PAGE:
Jon J.

asked • 01/29/14# What is the rule for the sequence/pattern (X) that produces the following numbers (Y): (1,3), (2,9), (3,30), (4,108), (5,408), etc.....?

In other words:

Pattern 1= 3 line segments (1 triangle)

Pattern 2= 9 line segments (4 triangles)

Pattern 3= 30 line segments (16 triangles)

etc.......

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## 3 Answers By Expert Tutors

Kenneth G. answered • 01/29/14

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jon,

Five points do not make a pattern, but only evidence of a pattern. Questions like this have multiple answers, and are asking one to guess what's in the mind of the question's author.. Unfortunately, these types of problems masquerade as Math problems when they really belong, in my opinion, only in parlour games.

Here is one solution to the pattern: fit some polynomial of degree 4 or higher, for example f(x) = Ax

^{4}+ Bx^{3}+ Cx^{2}+D^{x}+ E, to the five points, so that f(1) = 3, f(2) = 9, f(3) = 30, f(4) - 108, f(5) = 408, and then use this polynomial to generate the rest of the "pattern".3 = f(1) = A + B + C + D + E

9 = f(2) = 16A + 8B + 4C + 2D + E

30

_{ }= f(3) = 81A + 27B + 9C + 3D + E108 = f(4) = 256A + 64B + 16C + 4D + E

408 = f(5) = 625A + 125B + 25C + 5D + E

So the solution is: A = 41/8, B = -177/4, C = 1159/8, D = -783/4, E = 93

And the next entry in the sequence is:

f(6) = 1296A + 216B + 36C + 6D + E = 1218, so we have (6,1218)

f(7) = 2401A + 343B + 49C + 7D + E = 2949, so we have (7,2949)

Using this formulation, we can even continue the "pattern" in the other direction:

f(0) = 93, giving (0,93)

f(-1) = 483, giving (-1,483)

f(-2) = 1500, giving (-2,1500)

If you object that the numbers must be divisible by 3 because of the mention of triangles, note that all of these new results are indeed divisible by 3.

Andre W. answered • 01/29/14

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This pattern formation is an iterative (recursive) process and leads to a so-called

*fractal*. In step 0 you start with one 3-segment triangle. Then in each following step you take four of the triangles of the previous step and put them together to form a new triangle (with one of the four triangles "upside down"). The number of segments in each step, however, will not just be 4 times the number of segments of the previous step, because for one of the added triangles (the "upside down", or interior, one) you have to subtract those segments that are already part of the other three triangles, lest you count them twice. In the n-th step, each of the other three triangle from the (n-1)th step contributes 2^{n-1}segments to the interior triangle, for a total of 3*2^{n-1}segments that need to be subtracted. Therefore, the recursion relation for the number of segments in the n-th step isa

_{n }= 4*a_{n-1}- 3*2^{n-1}, with a_{0 }= 3.You get

a

_{1}= 4*a_{0}- 3*2^{0}= 12-3 = 9a

_{2}= 4*a_{1}- 3*2^{1}= 36-6 = 30a

_{3}= 4*a_{2}- 3*2^{2}= 120-12 = 108a

_{4}= 4*a_{3}- 3*2^{3}= 432-24 = 408a

_{5}= 4*a_{4}- 3*2^{4}= 1632-48 = 1584a

_{6}= 4*a_{5}- 3*2^{5}= 6336-96 = 6240etc.

When you solve the recursion relation for a

_{n}you geta

_{n}= 3*(2*4^{n-1}+ 2^{n-1}),e.g., a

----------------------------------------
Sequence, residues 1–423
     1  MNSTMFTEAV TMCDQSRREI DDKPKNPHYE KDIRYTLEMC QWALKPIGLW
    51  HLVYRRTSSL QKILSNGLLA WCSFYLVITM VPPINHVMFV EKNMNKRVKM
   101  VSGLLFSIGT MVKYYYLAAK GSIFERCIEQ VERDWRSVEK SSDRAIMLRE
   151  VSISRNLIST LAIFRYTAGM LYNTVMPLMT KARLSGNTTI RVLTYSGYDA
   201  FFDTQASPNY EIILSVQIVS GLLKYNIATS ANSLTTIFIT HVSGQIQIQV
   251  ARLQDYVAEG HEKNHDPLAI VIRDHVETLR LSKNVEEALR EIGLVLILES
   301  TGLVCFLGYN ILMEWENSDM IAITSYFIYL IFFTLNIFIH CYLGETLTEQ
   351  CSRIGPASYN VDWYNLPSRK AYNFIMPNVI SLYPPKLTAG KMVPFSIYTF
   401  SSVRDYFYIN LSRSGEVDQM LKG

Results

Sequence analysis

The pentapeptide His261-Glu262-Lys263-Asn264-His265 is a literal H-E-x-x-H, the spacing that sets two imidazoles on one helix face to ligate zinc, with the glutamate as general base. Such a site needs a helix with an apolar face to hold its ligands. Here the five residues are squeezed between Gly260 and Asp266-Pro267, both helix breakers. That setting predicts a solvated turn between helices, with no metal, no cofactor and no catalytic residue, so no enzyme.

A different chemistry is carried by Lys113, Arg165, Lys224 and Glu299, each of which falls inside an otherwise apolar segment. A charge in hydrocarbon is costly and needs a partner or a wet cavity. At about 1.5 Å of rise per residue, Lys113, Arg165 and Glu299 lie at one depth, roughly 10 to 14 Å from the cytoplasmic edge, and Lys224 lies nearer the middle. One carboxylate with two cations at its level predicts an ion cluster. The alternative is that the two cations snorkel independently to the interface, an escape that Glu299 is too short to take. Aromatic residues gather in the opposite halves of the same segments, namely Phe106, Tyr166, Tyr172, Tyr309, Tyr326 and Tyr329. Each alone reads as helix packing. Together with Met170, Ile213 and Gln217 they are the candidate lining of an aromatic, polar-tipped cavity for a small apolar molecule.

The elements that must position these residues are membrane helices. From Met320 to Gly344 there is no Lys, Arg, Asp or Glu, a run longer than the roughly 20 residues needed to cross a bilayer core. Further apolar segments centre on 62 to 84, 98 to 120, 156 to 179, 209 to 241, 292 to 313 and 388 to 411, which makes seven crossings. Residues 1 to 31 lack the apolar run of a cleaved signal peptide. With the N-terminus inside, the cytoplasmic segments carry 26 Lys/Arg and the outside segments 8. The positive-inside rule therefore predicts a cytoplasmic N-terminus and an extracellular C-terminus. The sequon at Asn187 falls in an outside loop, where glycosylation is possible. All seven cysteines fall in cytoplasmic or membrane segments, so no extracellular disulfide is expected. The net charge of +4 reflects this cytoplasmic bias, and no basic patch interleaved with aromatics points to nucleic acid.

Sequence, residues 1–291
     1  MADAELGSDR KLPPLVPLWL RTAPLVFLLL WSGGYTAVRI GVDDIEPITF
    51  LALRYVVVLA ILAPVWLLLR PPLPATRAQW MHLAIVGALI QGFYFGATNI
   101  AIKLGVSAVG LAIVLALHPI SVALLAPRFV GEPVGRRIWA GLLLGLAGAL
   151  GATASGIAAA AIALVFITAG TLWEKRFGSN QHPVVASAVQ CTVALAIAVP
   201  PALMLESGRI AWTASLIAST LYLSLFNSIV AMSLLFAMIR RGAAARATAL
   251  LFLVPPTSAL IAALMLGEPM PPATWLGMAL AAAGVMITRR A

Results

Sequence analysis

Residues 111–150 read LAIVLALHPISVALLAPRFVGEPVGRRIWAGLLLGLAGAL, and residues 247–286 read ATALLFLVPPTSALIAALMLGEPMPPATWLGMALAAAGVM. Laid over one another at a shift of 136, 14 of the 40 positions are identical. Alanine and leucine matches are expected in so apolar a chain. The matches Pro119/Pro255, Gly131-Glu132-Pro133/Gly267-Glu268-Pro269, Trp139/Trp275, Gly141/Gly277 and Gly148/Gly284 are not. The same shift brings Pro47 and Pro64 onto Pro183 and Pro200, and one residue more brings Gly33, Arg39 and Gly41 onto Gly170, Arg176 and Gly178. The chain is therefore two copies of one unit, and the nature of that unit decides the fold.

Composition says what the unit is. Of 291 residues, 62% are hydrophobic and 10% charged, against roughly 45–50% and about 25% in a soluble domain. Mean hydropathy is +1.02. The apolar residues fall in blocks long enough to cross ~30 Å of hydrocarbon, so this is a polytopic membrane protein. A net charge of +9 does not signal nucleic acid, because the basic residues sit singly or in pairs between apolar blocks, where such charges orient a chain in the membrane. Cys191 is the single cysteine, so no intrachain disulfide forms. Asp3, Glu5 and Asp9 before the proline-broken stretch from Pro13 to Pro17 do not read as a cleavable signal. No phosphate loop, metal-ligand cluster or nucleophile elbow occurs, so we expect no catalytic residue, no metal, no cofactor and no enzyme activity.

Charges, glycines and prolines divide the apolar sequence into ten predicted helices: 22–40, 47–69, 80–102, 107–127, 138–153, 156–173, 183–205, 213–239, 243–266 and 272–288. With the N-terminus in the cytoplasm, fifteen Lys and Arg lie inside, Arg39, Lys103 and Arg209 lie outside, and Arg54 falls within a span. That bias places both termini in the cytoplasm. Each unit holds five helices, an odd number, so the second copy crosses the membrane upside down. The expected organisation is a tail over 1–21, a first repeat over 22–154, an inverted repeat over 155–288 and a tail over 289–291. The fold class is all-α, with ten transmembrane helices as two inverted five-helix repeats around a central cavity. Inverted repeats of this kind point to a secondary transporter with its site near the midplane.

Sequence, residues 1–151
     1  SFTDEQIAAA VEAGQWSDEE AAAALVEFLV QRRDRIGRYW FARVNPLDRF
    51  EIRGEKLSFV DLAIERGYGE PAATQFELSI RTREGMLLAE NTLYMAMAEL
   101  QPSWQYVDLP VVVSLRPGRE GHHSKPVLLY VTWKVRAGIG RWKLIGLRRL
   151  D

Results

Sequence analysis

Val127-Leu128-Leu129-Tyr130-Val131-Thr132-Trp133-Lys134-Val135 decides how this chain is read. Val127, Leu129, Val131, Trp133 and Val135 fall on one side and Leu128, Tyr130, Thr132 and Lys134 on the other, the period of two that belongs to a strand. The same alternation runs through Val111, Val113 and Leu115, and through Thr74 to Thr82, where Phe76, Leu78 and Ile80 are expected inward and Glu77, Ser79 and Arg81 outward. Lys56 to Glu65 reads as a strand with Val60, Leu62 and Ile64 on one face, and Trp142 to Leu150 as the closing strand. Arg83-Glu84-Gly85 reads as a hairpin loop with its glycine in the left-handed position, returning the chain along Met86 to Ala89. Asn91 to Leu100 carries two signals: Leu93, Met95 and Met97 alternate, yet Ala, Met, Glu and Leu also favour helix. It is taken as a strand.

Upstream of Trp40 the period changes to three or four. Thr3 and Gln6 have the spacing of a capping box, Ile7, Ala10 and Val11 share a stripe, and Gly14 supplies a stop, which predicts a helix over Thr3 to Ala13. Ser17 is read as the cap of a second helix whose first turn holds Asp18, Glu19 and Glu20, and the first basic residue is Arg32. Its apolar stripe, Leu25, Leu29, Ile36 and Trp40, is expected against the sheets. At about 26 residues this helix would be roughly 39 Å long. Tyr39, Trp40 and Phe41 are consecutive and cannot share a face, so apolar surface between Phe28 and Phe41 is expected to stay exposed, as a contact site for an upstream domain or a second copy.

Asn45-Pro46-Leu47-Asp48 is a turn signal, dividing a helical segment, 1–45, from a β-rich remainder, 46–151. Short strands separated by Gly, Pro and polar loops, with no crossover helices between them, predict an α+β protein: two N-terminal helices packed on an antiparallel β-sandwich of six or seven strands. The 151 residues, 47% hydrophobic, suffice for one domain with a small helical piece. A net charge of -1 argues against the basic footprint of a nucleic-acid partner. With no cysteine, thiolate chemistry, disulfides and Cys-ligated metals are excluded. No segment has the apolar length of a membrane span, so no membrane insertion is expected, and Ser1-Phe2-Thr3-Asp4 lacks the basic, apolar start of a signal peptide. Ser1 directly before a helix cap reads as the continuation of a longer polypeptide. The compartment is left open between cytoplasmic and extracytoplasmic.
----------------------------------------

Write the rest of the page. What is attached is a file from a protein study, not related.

_{6}= 3*(2*4^{5}- 2^{5}) = 6240.In the limit as n→∞, the pattern becomes a fractal: a self-similar pattern whose dimension lies between 1 and 2.

Looking at the problem differently, Jon writes Pattern 1, Pattern 2, Pattern 3, and so on.

Looking at these separate patterns individually will yield different rules for each Pattern.

To begin with you have one triangle with the base at the bottom and a vertex at the top(3 segments and

1 triangle). Notice I'm looking at ordered pairs involving segments and triangles; that is (s,t) where

s=# of segments and t=# of triangles.

/\(this is the first triangle)

Now make a second triangle under the first; 5 segments, 2 triangles.

Make a third triangle to the right of the first; 7 segments, 3 triangles

Make a fourth triangle under the third; 9 segments, 4 triangles

Make a fifth triangle at the top to the right of the third one you made; 11 segments, 5 triangles

This is the first Pattern(not including the first triangle because these patterns occur in groups of four.)

(5,2), (7,3), (9,4), (11,5)

The sixth triangle in the pattern only needs one more segment giving us 12 segments, 6 triangles.

The seventh triangle in the pattern yields 14 segments and 7 triangles.

This is the second Pattern of four ordered pairs:

(12,6), (14,7), (16,8), (18,9)

The third Pattern yields the ordered pairs (19,10), (21,11), (23,12), (25,13)

The fourth Pattern yields (26,14), (28,15), (30,16), (32,17)

The fifth Pattern yields (33,18), (35,19), (37,20), (39,21)

You can continue this pattern of triangles for as long as you like.

The sequence for the ordered pairs (s,t) in Pattern 1 would be t=(s-1)/2

The sequence for the ordered pairs (s,t) in Pattern 2 would be t=s/2

Pattern 3 you would have t=(s+1)/2

Pattern 4 you would have t=(s+2)/2

Pattern 5 you would have t=(s+3)/2

These rules themselves have a pattern to them(s is being increased by 1 every four newly created triangles.)

Now if we could take all these rules and put them together into one rule we would have another solution

to the problem that would not be changed or interrupted every four triangles.

I discovered these patterns looking at the problem in terms of segments and triangles.

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Andre W.

01/29/14